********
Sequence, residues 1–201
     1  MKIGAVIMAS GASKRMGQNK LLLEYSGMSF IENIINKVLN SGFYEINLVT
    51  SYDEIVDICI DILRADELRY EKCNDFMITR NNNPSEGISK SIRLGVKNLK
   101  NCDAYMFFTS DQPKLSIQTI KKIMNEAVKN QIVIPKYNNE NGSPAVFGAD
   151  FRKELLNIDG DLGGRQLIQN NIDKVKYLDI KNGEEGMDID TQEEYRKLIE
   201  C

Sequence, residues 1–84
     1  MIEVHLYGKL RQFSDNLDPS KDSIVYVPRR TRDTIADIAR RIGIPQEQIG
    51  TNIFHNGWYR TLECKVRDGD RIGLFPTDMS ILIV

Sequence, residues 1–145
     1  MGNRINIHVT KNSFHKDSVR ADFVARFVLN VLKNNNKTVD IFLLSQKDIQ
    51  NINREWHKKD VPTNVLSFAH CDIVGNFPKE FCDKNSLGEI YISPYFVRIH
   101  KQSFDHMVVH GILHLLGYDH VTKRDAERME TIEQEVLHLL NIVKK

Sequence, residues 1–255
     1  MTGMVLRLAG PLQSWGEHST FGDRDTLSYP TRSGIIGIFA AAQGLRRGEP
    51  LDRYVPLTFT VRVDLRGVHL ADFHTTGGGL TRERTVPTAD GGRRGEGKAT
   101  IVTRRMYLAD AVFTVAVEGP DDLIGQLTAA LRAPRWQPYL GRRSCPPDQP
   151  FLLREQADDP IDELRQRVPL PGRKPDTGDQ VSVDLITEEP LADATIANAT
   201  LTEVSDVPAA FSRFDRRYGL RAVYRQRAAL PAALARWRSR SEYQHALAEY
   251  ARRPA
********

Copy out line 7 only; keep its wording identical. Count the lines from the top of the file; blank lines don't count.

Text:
Sequence, residues 1–84